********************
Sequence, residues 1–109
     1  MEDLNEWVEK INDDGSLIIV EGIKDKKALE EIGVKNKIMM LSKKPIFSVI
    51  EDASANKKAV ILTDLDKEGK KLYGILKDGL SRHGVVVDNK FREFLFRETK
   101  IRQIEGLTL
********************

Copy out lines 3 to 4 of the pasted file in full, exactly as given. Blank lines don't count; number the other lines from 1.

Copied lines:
    51  EDASANKKAV ILTDLDKEGK KLYGILKDGL SRHGVVVDNK FREFLFRETK
   101  IRQIEGLTL